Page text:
A de facto relationship, both heterosexual or same sex, is outline in Australia by the Family Law Act 1975. It requires two people who are at least 18 years old, who have a spousal relationship, to be living together on a genuine domestic basis. The relationship is not defined as de facto if the couple are legally married, or are in any way related to one another.
In Australia, the court deals with de facto relationship separation claims in much the same way it would with a married separation claim, particularly when it comes to the division of assets and parental duties. This means to apply, you must complete the same forms a married couple would to begin the process.
That said, while a married couple has their marriage certificate to prove their relationship, it may be more complicated for a de facto couple, as they are often required to prove the genuine nature of their relationship before they can apply for a separation. For many de facto couples however, if there are no financial assets or children involved, a legal separation may not necessarily be required. If you are unsure whether or not you need to apply for a separation, contact us and we can help you to understand the circumstances of your situation in an obligation free consultation.
In the event that you do need to apply for a separation, it’s important to know that there is a time limit on making a claim of a de facto relationship under Australian law: you have two years from when the relationship ends to initiate court proceedings. If you wish to make a claim after this period, you are required to first seek permission from the court. If this is the case, contact us to seek advice from an experienced lawyer to help guide you through this process.
Family and Property Complications
While the process of separating and filing for a divorce are legally relatively straightforward, there are many circumstances which may cause complications, including domestic violence, parenting arrangements and the division of assets. In each of these cases it is important to understand your rights and obligations. At Peter Andrews Lawyers, we have many years of experience dealing in separation and divorce complications and can guide you through the process.
Leaving the Family Home
In most cases of separation, you and your partner will be able to decide who leaves the home and who stays, if anyone. If you are unable to amicably decide who leaves the home, or your partner refuses to discuss an outcome with you, you can apply to the court for a sole use and occupation order, which forces one person to leave. This order is only made in special circumstances.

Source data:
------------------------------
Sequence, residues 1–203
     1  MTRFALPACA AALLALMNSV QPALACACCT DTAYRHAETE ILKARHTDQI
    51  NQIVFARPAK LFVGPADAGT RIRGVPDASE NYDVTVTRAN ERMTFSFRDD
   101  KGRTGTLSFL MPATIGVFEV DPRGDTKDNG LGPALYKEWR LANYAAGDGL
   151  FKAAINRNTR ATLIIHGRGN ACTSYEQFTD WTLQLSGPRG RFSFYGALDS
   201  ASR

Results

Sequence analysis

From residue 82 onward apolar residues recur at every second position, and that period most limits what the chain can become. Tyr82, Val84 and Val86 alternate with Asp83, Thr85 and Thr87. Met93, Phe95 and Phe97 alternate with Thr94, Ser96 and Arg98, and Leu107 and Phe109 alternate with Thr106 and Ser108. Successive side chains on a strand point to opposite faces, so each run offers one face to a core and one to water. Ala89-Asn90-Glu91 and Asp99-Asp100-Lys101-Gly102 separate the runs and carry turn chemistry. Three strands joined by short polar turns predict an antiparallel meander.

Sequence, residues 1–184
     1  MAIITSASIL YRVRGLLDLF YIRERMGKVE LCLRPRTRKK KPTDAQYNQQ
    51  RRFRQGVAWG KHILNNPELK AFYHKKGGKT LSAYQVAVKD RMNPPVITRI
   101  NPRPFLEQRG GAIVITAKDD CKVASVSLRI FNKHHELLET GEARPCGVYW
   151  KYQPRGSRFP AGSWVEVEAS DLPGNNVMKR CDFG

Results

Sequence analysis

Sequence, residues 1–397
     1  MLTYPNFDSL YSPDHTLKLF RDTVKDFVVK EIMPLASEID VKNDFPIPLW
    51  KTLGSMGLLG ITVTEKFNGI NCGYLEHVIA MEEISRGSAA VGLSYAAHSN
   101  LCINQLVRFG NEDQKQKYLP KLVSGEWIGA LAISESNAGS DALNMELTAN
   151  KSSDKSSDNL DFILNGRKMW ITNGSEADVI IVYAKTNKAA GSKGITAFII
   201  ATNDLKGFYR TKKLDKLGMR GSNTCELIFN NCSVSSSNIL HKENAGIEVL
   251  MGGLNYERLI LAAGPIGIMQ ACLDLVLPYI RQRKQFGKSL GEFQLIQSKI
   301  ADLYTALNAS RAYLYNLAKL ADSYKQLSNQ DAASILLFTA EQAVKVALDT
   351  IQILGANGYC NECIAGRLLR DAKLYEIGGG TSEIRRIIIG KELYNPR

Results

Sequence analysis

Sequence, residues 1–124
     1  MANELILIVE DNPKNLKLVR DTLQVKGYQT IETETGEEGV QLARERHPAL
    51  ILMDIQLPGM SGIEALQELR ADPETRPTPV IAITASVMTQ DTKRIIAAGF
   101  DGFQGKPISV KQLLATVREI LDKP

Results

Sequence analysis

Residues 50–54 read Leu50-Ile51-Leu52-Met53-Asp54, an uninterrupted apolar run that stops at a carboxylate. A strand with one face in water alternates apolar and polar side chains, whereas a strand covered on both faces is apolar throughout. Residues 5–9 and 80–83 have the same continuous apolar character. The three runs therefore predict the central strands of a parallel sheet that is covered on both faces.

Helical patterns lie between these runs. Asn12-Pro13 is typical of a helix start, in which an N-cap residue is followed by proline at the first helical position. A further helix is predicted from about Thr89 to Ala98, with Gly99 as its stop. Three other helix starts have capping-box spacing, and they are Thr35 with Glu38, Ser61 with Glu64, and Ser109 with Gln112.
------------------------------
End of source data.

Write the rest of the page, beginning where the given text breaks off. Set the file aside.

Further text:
If you have experienced domestic violence, you can also apply to the court for a domestic violence protection order, which forces the other person to leave your home.
It’s important to understand that if you and your partner jointly own the home, if you leave, either by choice, or are ordered to leave under a court order, this does not change any rights to possession of the house or your possessions. If a domestic violence protection order is taken out against you, and it says you must not be at your home, you must leave.
Regardless of the circumstances, if you leave your home, you are legally allowed to take any possessions you own individually. You should always take personal documents with you, such as:
- Passports and other personal identification such as birth certificates and your drivers licence
- Financial statements such as tax returns and bank statements
- Credit and debit cards, bank and cheque books
- Marriage certificate
- Items you and your children may need, if they are leaving with you
- Items with sentimental value
Supporting Your Children in Separation
Separation is often a distressing time for children, so it’s important to consider the best outcome for children when making decisions about custody and parenting arrangements.
Children will each react differently to a separation, and emotions can range from anger to sadness to feeling guilt for the separation. It’s key for parents to understand that the age of your children, as well as your own behaviour can have an impact on children, including the level of cooperation or conflict between you and your former partner.
Reassuring your children that they are loved, and encouraging them to maintain positive relationships with both parents as well as extended family will help them to adapt more easily to changes. You should also remember that if you can accept and deal with the separation, you will be better able to support your child through the process as well.
Negotiation of Living Arrangements for Children